Is Volcom Going to Burn You?

There's no foolproof way to know the future for Volcom (Nasdaq: VLCM  ) or any other company. However, certain clues may help you see potential stumbles before they happen -- and before your stock craters as a result. Rest assured: Even if you're not monitoring these metrics, short-sellers are.

A cloudy crystal ball
I often use accounts receivable and days sales outstanding to judge a company's current health and future prospects. It's an important step in separating the pretenders from the market's best stocks. Alone, AR -- the amount of money owed the company -- and DSO -- the number of days' worth of sales owed to the company -- don't tell you much. However, by considering the trends in AR and DSO, you can sometimes get a window onto the future.

Sometimes, problems with AR or DSO simply indicate a change in the business (like an acquisition), or lax collections. However, AR that grows more quickly than revenue, or ballooning DSO, can also suggest a desperate company that's trying to boost sales by giving its customers overly generous payment terms. Alternately, it can indicate that the company sprinted to book a load of sales at the end of the quarter, like used-car dealers on the 29th of the month. (Sometimes, companies do both.)

Why might an upstanding firm like Volcom do this? For the same reason any other company might: to make the numbers. Investors don't like revenue shortfalls, and employees don't like reporting them to their superiors.

Is Volcom sending any potential warning signs? Take a look at the chart below, which plots revenue growth against AR growth, and DSO:

Source: Capital IQ, a division of Standard & Poor's. Data is current as of last fully-reported fiscal quarter. FQ = fiscal quarter.

The standard way to calculate DSO uses average accounts receivable. I prefer to look at end-of-quarter receivables, but I've plotted both above.

Watching the trends
When that red line (AR growth) crosses above the green line (revenue growth), I know I need to consult the filings. Similarly, a spike in the blue bars (DSO) indicates a trend worth worrying about. As another reality check, it's reasonable to consider what a normal DSO figure might look like in this space.

Company

LFQ Revenue

DSO

 Volcom $79 87
 V.F. (NYSE: VFC  ) $2,126 40
 Under Armour (NYSE: UA  ) $301 42
 Quiksilver (NYSE: ZQK  ) $426 71

Source: Capital IQ, a division of Standard & Poor's. DSO calculated from average AR. Data is current as of last fully-reported fiscal quarter. LFQ = last fiscal quarter. Dollar figures in millions.

Differences in business models can generate variations in DSO, so don't consider this the final word -- just a way to add some context to the numbers. But let's get back to our original question: Will Volcom miss its numbers in the next quarter or two?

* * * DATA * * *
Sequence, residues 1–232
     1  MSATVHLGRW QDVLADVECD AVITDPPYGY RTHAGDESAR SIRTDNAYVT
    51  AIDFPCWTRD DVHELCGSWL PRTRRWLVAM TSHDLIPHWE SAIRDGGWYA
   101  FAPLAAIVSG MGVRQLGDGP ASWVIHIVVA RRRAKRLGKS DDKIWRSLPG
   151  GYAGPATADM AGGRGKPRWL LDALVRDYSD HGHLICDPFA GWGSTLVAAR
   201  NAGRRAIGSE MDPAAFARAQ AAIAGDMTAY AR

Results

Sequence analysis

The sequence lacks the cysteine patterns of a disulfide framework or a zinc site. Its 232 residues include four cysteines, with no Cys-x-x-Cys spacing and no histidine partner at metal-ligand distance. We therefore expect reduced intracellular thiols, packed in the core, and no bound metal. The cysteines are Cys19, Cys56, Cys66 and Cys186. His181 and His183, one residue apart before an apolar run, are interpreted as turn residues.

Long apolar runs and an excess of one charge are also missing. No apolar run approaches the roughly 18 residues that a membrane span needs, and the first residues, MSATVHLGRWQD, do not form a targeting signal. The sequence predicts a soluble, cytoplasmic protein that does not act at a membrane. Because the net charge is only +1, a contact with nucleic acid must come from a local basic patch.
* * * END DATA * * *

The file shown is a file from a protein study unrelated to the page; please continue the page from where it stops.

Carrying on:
The numbers don't paint a clear picture. For the last fully reported fiscal quarter, Volcom's year-over-year revenue grew 22.4%, and its AR grew 23.7%. That looks OK. End-of-quarter DSO increased 1.1% over the prior-year quarter. It was up 8.3% versus the prior quarter. Still, I'm no fortuneteller, and these are just numbers. Investors putting their money on the line always need to dig into the filings for the root causes and draw their own conclusions.

What now?
I use this kind of analysis to figure out which investments I need to watch more closely as I hunt the market's best returns. However, some investors actively seek out companies on the wrong side of AR trends in order to sell them short, profiting when they eventually fall. Which way would you play this one? Let us know in the comments below, or keep up with the stocks mentioned in this article by tracking them in our free watchlist service, My Watchlist.

Seth Jayson had no position in any company mentioned here at the time of publication. You can view his stock holdings here. He is co-advisor of Motley Fool Hidden Gems, which provides new small-cap ideas every month, backed by a real-money portfolio. Under Armour is a Motley Fool Rule Breakers choice. Under Armour and Volcom are Motley Fool Hidden Gems selections. The Fool owns shares of Under Armour and Volcom. Try any of our Foolish newsletter services free for 30 days. We Fools may not all hold the same opinions, but we all believe that considering a diverse range of insights makes us better investors. The Motley Fool has a disclosure policy.


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  • Report this Comment On April 28, 2011, at 4:38 AM, helloyall wrote:

    good point, however, look at the debt outstanding. plus, the cash outstanding. according to yahoo, the company has $92million of cash, only $42,000 of debt, AND they make money! that gives VLCM a long time to operate. actually, their capital structure is wrong. they need to increase debt and buy back stock. if they don't, they will be a great takeover target.

    VLCMis a great brand that my whole family wears. it's not like generic quicksilver or billabong. there's lots of room for expansion in this space. i just wish the guys running it would think a little bit bigger...

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